Maudie is the unexpectedly charming drama about Maud Lewis, a simple minded woman living in Nova Scotia who gained fame in the art world for her child like paintings. Distringuished by strong performances and subtle direction, this has been one of the stand out arthouse performers over the North American summer.
When the film begins, Maud (Sally Hawkins) is living under the care of her aunt, for although Maud is in her 30s, she has trouble looking after herself. Physically she’s been affected by juvenile rheumatoid arthritis and mentally she readily concedes she isn’t the full quid.
When she discovers that her brother has sold the family home that she always assumed she’d be moving back to, she decides to answer an ad placed by a fisherman for a live-in housekeeper.
The fisherman, Everett (Ethan Hawke) is even more lacking in social skills than Maud. Together they make for an odd pair, he’s gruff, inconsiderate, even cruel towards Maud, but she’s never known much in the way of kindness or love, so she just accepts her lot with stoicism.
Once she’s settled in and cleaned up Everett’s tiny home, she starts doing little paintings on the walls and furniture. Her naive works of art attract the attention of a sophisticated New Yorker, Sandra (Kari Matchett) who’s on holiday and has become a regular buyer of Everett’s fish. Sandra is so taken with Maud’s art that she starts commissioning her work, which soon becomes a national sensation.
Maud’s unlikely success as an artist is the film’s main hook, but the real meat of the film is the tenuous bond between Maud and Everett. What starts as a not so pleasant boss/employee relationship, slowly blossoms into an uncovnetional marriage not altogether lacking in affection. It’s a partnership that at first seems even more improbable than Maud’s artistic achievements.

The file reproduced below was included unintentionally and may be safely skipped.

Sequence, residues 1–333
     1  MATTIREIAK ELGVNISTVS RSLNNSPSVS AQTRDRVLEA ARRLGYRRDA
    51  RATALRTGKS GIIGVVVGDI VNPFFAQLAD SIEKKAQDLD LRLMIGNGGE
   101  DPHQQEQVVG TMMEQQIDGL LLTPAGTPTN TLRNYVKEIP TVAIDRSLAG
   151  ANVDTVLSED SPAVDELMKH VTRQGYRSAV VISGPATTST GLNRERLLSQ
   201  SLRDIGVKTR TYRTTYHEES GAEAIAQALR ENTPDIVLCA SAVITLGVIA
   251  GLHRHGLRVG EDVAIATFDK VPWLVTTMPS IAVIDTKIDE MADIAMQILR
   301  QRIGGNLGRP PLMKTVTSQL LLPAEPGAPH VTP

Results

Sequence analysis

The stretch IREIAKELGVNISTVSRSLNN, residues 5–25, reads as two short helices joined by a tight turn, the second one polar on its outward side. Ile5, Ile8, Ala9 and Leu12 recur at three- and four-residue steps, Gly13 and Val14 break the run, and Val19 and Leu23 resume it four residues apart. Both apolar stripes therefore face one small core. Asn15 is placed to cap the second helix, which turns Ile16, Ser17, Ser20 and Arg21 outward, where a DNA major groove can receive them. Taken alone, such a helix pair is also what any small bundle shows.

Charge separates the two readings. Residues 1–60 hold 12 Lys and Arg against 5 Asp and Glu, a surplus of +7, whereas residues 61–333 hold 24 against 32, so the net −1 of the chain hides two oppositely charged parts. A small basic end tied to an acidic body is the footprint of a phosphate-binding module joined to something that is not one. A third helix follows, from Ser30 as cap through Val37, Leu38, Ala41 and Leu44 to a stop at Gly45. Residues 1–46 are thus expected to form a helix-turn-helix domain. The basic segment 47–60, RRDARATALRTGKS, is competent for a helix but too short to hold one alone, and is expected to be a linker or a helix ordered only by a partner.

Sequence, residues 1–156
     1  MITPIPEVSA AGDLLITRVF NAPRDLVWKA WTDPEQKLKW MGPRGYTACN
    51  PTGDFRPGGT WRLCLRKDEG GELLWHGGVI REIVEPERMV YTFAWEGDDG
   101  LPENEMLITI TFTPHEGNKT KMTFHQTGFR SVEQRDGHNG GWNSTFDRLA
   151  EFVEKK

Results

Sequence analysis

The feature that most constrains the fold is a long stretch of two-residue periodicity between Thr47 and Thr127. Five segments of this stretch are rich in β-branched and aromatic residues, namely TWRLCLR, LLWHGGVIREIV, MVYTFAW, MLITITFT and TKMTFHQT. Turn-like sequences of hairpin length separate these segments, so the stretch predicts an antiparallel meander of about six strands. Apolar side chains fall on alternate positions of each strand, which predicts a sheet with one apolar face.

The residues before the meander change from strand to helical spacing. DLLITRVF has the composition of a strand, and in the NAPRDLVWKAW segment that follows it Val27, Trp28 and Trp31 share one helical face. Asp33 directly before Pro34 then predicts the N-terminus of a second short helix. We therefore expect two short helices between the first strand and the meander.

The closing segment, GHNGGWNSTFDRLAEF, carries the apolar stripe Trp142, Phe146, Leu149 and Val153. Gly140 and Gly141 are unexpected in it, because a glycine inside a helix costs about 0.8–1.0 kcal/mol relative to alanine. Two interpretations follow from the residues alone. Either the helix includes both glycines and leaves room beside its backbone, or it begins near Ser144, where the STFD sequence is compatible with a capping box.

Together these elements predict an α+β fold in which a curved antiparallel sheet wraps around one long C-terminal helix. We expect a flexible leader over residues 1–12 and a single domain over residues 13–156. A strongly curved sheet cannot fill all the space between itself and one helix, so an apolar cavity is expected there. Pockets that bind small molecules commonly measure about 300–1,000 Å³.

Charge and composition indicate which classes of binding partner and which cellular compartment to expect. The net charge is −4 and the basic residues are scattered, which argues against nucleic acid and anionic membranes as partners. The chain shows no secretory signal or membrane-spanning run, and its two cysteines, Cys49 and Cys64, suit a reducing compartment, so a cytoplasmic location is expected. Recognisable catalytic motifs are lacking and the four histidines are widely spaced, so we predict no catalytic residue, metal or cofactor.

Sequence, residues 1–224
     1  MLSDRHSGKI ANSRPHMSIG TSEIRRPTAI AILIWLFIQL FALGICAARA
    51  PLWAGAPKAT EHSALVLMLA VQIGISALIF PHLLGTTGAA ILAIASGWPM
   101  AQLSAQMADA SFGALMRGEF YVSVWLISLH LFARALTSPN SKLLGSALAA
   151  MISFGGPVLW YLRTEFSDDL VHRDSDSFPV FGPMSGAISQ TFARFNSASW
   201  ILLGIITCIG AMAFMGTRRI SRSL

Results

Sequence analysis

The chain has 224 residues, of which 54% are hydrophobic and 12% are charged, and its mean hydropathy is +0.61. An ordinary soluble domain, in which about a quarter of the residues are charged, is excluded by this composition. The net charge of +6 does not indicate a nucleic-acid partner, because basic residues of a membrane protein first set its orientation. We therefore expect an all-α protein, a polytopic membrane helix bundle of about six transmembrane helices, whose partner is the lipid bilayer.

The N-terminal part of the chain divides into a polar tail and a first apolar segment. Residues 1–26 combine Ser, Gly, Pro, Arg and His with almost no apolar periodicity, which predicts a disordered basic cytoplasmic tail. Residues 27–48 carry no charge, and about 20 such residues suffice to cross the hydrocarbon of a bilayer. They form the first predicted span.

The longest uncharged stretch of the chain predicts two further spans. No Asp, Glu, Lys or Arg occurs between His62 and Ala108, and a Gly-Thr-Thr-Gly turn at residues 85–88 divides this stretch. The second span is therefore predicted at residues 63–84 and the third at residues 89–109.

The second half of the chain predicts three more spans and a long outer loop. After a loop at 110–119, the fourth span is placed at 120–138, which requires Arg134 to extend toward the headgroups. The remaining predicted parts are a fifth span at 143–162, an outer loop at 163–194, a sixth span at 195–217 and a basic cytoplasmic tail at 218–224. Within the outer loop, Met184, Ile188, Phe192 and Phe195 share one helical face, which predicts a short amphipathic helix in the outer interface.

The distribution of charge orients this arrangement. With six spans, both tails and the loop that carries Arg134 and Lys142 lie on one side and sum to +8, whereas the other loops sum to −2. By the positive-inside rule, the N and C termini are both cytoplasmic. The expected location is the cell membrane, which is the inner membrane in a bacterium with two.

Of course, we’ve all seen the cliche of animosity thaw into a harmonious union, but that doesn’t mean we don’t fall for it. Watching the harshness fall away from a character is one of the great joys of cinema. Most of us want to be better people, to be more open and loving, so it’s natural that we love seeing characters have a similar transformation on screen.
It helps when you’re watching a performance as extraordinary as the one Sally Hawkins delivers as Maud. It’s her best work to date, and it especially hits you when you see footage of the real Maud at the end of the film.
Ethan Hawke is also excellent. We hear him before we see him, and the transformation in his voice is astounding. Strangely, considering he’s playing a crotchety old fisherman, he hasn’t looked this good in years. He’s way more handsome than the real Everett and he doesn’t age one jot as the years go by, in stark contrast to his wife. I was expecting to see his name in the credits as a producer to explain his refusal to deglam for the role.
The only other quibble with the film is that it feels like there is a natural place for it to end and then it keeps going for another 15 minutes. Otherwise, this is quite a beautiful film which deserves the resonance it’s enjoying with audiences.
Maudie is currently in national release
Richard Leathem @dickiegee